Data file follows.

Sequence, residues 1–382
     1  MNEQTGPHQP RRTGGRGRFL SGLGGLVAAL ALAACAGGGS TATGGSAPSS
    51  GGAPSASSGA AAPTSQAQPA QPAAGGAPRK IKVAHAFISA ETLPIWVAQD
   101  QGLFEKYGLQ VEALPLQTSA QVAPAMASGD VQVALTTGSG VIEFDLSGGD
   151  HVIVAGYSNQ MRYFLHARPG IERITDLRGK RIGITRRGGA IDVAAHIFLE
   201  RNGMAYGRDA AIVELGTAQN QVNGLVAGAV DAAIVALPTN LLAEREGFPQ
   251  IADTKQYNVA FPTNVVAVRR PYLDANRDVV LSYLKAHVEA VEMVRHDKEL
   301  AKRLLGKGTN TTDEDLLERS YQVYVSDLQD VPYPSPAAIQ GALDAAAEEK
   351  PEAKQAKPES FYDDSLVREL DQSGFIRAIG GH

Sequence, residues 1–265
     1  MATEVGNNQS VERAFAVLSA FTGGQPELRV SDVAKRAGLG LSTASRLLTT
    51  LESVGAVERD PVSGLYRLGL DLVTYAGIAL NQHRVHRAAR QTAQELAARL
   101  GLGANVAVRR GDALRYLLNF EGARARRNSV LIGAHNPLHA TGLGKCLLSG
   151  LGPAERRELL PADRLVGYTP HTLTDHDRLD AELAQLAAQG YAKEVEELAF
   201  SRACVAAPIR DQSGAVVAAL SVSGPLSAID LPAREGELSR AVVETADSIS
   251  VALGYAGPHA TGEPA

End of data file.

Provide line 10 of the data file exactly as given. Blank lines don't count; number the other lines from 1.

Sequence, residues 1–265